‘Bushwick’ directors Cary Murnion and Jon Milott, plus Huffington Post reporter Andy Campbell on Charlottesville

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Gersh on BPR: Time to take it to the Nazis — again!

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Nazis, you’re in for a beating.

That was the position staked out by Brooklyn Paper Radio co-host and noted pacifist Gersh Kuntzman as this week’s show dove head first into the controversy over the neo-Nazi march in Charlottesville.

Kuntzman and co-host Vince DiMiceli chatted with filmmakers Cary Murnion and Jon Milott, whose new film, “Bushwick,” eerily centers on a white supremacist takeover of the hipster neighborhood — and their conversation could not have been more timely.

“My favorite part of the movie is when the hipsters, the Hasids, and the Hispanics all start fighting the Nazis together,” Kuntzman said. “It’s a great moment because it shows that Nazis really do bring us all together.”

Murnion and Milott noted that the film, which opens on Aug. 25, is meant to be a cautionary, fictional story, but Kuntzman was having none of it, channeling Woody Allen’s old joke about how to deal with Nazis: “A satirical piece in the Times is one thing, but bricks and baseball bats really get right to the point of it.”

“Why should I feel bad if I want to beat up a Nazi at a rally?” said Kuntzman. “In your movie, they do it.”

“I would not throw the first punch,” Murnion said. “If the Nazis march in New York, I hope people here would say, ‘It’s not right,’ but not go down the road of violence.”

Kuntzman disputed the notion that you can reason with Nazis, pointing out that the white supremacists that President Trump called “very fine people” were chanting “Jews will not replace us” and “blood and soil” — and that was at the supposedly peaceful march. Kuntzman then quoted Franklin Delano Roosevelt — “We believe the Nazis and the fascists have asked for it and they’re going to get it” — and Winston Churchill — “We will fight on the beaches” — to make his point that Nazis need to be beaten whenever possible.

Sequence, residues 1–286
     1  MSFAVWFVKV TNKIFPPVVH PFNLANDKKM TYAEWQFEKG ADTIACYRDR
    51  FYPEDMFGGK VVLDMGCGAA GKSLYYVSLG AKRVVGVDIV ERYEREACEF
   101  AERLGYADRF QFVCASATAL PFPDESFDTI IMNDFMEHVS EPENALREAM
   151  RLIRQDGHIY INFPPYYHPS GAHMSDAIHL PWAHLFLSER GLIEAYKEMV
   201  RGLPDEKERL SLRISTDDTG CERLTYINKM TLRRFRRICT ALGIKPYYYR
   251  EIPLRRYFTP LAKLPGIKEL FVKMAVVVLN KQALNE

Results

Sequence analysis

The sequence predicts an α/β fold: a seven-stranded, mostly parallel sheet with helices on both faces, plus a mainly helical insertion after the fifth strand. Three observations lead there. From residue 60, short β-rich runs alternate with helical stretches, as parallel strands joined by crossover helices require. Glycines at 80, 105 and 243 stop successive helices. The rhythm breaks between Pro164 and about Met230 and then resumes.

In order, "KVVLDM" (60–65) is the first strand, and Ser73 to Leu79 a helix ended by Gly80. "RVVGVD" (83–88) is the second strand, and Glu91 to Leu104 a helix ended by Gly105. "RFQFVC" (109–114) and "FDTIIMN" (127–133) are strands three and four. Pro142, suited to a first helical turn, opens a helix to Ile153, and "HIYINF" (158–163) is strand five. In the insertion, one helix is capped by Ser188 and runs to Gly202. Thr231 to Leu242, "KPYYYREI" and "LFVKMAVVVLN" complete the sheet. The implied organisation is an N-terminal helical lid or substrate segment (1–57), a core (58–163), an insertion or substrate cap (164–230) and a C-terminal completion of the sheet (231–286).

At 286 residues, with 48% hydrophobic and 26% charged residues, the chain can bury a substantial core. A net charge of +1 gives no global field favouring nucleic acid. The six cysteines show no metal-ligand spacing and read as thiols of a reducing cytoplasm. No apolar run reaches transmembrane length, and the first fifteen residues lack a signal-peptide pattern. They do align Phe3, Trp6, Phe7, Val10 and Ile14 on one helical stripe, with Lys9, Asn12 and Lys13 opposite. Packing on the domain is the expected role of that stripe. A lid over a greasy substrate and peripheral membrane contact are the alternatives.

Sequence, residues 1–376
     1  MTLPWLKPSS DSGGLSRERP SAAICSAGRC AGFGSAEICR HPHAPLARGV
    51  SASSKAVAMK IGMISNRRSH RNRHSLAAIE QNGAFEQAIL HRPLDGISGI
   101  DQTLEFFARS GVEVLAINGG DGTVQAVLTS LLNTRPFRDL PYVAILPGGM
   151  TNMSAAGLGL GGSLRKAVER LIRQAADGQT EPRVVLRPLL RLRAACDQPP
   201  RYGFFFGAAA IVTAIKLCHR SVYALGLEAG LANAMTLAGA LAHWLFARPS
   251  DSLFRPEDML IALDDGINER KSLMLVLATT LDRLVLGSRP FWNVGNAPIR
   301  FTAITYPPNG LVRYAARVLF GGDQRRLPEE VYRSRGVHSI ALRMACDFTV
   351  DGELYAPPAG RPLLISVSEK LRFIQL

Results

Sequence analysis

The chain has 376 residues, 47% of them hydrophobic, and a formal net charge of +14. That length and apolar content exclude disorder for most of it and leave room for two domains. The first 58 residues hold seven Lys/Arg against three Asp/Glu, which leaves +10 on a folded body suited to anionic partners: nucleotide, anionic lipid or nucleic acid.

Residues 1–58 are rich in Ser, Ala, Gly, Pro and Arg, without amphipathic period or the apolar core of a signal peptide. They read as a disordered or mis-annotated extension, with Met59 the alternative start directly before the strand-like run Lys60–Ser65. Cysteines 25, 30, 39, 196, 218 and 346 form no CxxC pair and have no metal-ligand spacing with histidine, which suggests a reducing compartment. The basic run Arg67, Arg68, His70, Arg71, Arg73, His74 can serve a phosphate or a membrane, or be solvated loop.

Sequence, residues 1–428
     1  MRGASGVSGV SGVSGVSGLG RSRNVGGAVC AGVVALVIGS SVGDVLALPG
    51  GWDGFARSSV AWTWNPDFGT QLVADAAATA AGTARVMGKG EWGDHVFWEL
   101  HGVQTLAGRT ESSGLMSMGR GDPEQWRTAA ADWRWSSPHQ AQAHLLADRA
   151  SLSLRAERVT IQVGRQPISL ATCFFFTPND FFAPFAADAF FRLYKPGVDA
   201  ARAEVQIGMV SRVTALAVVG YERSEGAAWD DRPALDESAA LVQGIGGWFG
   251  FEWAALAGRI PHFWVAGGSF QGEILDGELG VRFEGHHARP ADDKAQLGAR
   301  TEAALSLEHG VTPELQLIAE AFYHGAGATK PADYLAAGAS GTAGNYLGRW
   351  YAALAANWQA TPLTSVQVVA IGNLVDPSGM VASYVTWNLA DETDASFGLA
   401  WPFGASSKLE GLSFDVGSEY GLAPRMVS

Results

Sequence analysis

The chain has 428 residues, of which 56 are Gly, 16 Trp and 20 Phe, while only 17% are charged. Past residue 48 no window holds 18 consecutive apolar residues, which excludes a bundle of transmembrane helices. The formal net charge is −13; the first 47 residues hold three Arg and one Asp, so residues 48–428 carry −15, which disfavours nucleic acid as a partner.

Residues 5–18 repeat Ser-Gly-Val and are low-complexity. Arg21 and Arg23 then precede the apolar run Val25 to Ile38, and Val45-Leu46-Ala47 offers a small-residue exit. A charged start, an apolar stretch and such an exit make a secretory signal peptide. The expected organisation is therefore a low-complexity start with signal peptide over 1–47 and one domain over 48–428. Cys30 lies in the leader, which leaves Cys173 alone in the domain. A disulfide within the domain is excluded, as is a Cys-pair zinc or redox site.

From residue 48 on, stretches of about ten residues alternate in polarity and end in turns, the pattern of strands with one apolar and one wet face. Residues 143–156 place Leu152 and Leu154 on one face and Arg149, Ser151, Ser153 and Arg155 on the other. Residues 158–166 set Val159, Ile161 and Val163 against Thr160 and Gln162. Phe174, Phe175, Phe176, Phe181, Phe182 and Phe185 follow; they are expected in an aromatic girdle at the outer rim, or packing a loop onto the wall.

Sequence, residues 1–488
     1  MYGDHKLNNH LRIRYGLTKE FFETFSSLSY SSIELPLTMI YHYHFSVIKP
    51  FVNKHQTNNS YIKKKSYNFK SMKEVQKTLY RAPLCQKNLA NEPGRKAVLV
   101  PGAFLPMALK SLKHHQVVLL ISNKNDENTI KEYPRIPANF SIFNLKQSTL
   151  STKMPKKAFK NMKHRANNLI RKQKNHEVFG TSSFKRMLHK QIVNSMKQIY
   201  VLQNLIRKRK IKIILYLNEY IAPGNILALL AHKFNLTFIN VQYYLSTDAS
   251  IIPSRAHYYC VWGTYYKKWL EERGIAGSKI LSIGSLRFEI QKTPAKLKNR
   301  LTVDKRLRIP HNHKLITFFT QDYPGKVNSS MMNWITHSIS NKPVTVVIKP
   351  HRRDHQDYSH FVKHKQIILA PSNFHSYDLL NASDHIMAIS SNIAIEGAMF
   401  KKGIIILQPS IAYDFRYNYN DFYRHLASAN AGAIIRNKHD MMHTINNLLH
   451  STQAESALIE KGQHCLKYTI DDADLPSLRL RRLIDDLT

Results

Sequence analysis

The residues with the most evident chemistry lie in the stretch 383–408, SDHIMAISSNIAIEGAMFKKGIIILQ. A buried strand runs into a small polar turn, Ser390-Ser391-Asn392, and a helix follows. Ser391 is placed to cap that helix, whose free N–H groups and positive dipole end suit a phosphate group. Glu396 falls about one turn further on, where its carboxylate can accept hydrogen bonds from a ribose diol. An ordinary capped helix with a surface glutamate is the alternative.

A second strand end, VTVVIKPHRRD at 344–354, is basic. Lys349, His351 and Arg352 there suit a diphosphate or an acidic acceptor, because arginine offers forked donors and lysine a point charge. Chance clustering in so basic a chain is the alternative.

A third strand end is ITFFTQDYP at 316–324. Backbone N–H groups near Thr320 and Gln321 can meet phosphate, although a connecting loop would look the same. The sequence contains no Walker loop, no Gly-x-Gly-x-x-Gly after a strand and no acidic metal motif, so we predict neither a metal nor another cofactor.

Murnion, Milott, and DiMiceli called for non-violence, but Kuntzman persisted.

“Look at all of you, appealing to the better angels of my nature,” Kuntzman said. “I’m not Abraham Lincoln. I’m Gersh Kuntzman, Nazi hater. By definition, the Nazis threw the first punch. That said, I’m also a card-carrying member of the ACLU, so I support getting them a permit to march. But all that means is I’m a duplicitous hypocrite when I throw that first punch when I see the Nazis here.”

Kuntzman’s call for violence was also not shared by former (and legendary) Brooklyn Paper reporter Andy Campbell, who called in to share what he saw when he covered the race war in Charlottesville for his current employer, The Huffington Post.

Campbell’s reporting made him number one in our hearts — and number two in our noses.

“I was hit by a bomb of raw feces,” he said, when asked about the challenges of covering the weekend events in the home of the University of Virginia.

Campbell sort of backed up President Trump’s assessment that there were wrongdoers on “both sides.”

But he blamed the cops.

“Charlottes­ville police did not respond quickly enough,” he said. “Everyone was there to battle. It was a terrifying example of hate. But the police did not keep these groups apart.”

Campbell said he saw better police work at a similar white supremacist rally in Portland, Ore. “In Portland, the groups were kept apart, but in Charlottesville, the police made the alt-right guys push through a group of counter-protestors. And for two hours, the cops just watched these two groups fight. They didn’t intervene.”

And then, unprovoked, Campbell admitted that he learned everything he needed under the tutelage of Kuntzman and, to a lesser degree, DiMiceli. “I learned from the best,” he said. “You guys taught me how to report on what people care about and what they don’t care about.”

Eventually, the conversation did get back to Murnion and Milott’s forthcoming film, which stars Dave Bautista (“Guardians of the Galaxy”) and Brittany Snow (“Pitch Perfect”) as two people trying to survive a new civil war as Southern secessionists invade Bushwick.

The edgy, seat-of-your-pants film was shot over 15 days last year in Bushwick.

Kuntzman, of course, wanted to know how two young filmmakers from Clinton Hill could secure $3.2 million in financing and land those big-name stars.

The answer: deep-pocketed “financiers.”

“They loved the script,” Milott said.

“Yeah, yeah, yeah, they fell in love with the script,” Kuntzman said. “That’s what you Hollywood types always say. But how’d you get the money? Because Vince and I always have lots of ideas — and, of course, I’m referring to my hit show, ‘Murder at the Food Coop,’ but we can never get the money.”

“Our producers get it from financiers,” Murnion said.

“Now there are two nouns I don’t know. Who are these producers? Who are these financiers? Vince and I can’t even raise $20 for lunch.”

Brooklyn Paper radio is recorded and podcast live every Tuesday at 4:45 pm — for your convenience — from our studio in America’s Downtown and can be found, as always, right here on BrooklynPaper.com, on iTunes, and of course, on Stitcher. A stream of the program runs continuously at BrooklynPaper.com/radio.

The boys will be on vacation for the next two weeks, so see you in September!

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Updated 4:28 pm, July 9, 2018
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